the heels of her hands down her face, urging rational thought, and then scanned
the place that felt menacing one more time. “It’s not quite right for Vampire,
at least not the Ushuaia variety,” she muttered.
“Not exactly,”
Ketha agreed. “But there are at least two of whatever they are, and their
emanations are closer to Vamp than anything else.”
“The question of
the hour,” Viktor said, “is whether we move forward or retreat. It’s a group
decision.”
Aura thought
about it, and when she spoke, her words came hard. “We left Ushuaia to figure
out what was left in the rest of the world. If we turn tail and run the first
time we encounter anything, we may as well never have set sail.”
Viktor grinned
wryly. “Spoken like a true explorer. Shackleton would have been proud of you.”
“I remember
reading about him,” Aura muttered. “If this is Grytviken, isn’t he buried
here?”
“He is, indeed,”
Viktor said. “His grave is on the far side of the post office, but only because
his wife told the ship with his remains to bring him back here. I guess he was
quite the philanderer, and she wasn’t interested in footing the expense of
bringing his cheating ass home.”
“Interesting,”
Aura said, “but we’re stalling. My vote is to see what the hell feels like
Vampire.”
“Mine too,”
Rowana said.
“I’m in,” Karin
said. “If we could survive Armageddon against the Cataclysm, how hard could
this be?”
Viktor cocked
his head to one side. “Depends. If they’re Vamps, only beheading with iron will
do them in.”
“Maybe they’ll
be friendly.” Ketha screwed her face into what might have been a hopeful
expression, except it came off more like a grimace.
“Friendly and
Vampire in the same sentence is an oxymoron,” Viktor said in a flat, dead tone.
“It appears we’re all game, so all of you get behind me and stay close. Deploy
your magic. It’s still far more finely honed than mine.” He shouldered the
rifle. “If I have to, I’ll use this. It should at least slow them down.”

About the Author:

Ann Gimpel is a mountaineer at heart. Recently retired from a long career as a psychologist, she remembers many hours at her desk where her body may have been stuck inside four walls, but her soul was planning yet one more trip to the backcountry. Around the turn of the last century (that would be 2000, not 1900!), she managed to finagle moving to the Eastern Sierra, a mecca for those in love with the mountains. It was during long backcountry treks that Ann’s writing evolved. Unlike some who see the backcountry as an excuse to drag friends and relatives along, Ann prefers solitude. Stories always ran around in her head on those journeys, sometimes as a hedge against abject terror when challenging conditions made her fear for her life, sometimes for company. Eventually, she returned from a trip and sat down at the computer. Three months later, a five hundred page novel emerged. Oh, it wasn’t very good, but it was a beginning. And, she learned a lot between writing that novel and its sequel.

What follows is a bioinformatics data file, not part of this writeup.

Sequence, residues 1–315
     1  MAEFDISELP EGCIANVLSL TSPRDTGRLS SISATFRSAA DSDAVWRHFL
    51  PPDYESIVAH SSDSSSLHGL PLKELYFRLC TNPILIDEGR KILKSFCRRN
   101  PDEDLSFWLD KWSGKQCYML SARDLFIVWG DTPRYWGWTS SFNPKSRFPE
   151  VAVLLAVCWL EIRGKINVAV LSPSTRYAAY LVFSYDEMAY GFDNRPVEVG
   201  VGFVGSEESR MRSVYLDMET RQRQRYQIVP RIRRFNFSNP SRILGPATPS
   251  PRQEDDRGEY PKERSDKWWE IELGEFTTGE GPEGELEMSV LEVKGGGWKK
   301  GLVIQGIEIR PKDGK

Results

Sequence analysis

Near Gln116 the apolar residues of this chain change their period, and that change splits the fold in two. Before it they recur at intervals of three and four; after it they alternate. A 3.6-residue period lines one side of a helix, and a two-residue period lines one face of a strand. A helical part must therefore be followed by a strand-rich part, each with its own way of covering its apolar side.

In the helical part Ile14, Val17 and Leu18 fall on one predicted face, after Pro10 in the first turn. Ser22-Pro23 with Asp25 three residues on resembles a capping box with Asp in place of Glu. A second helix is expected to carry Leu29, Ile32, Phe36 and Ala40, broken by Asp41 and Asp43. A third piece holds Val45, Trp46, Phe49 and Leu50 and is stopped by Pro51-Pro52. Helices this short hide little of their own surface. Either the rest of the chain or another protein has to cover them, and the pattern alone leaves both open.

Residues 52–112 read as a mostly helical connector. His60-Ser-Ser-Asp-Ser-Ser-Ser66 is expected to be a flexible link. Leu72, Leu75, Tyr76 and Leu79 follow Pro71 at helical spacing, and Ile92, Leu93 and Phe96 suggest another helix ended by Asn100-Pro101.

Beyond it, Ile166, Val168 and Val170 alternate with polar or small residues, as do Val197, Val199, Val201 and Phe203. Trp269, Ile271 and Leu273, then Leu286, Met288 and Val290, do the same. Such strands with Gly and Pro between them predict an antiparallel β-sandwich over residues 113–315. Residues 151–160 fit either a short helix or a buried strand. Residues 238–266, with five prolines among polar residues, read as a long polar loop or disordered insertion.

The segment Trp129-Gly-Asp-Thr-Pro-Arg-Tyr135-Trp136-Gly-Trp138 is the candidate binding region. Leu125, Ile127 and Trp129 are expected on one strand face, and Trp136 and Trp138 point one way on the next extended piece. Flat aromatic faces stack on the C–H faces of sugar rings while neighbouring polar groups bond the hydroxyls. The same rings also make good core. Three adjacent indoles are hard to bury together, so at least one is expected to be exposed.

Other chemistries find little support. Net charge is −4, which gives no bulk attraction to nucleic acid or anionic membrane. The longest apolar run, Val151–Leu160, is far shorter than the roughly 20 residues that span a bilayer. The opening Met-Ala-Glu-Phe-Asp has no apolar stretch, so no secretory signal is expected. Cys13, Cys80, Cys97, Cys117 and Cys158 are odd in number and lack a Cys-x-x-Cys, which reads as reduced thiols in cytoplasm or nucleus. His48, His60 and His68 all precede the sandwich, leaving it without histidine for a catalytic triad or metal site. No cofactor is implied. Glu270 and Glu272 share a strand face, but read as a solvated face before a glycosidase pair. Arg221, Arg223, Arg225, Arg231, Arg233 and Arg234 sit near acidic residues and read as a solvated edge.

Around that time, a friend of hers suggested she try her hand at short stories. It didn’t take long before that first story found its way into print and they’ve been accepted pretty regularly since then. One of Ann’s passions has always been ecology, so her tales often have a green twist.

In addition to writing, Ann enjoys wilderness photography. She lugs pounds of camera equipment in her backpack to distant locales every year. A standing joke is that over ten percent of her pack weight is camera gear which means someone else has to carry the food! That someone is her husband. They’ve shared a life together for a very long time. Children, grandchildren and three wolf hybrids round out their family.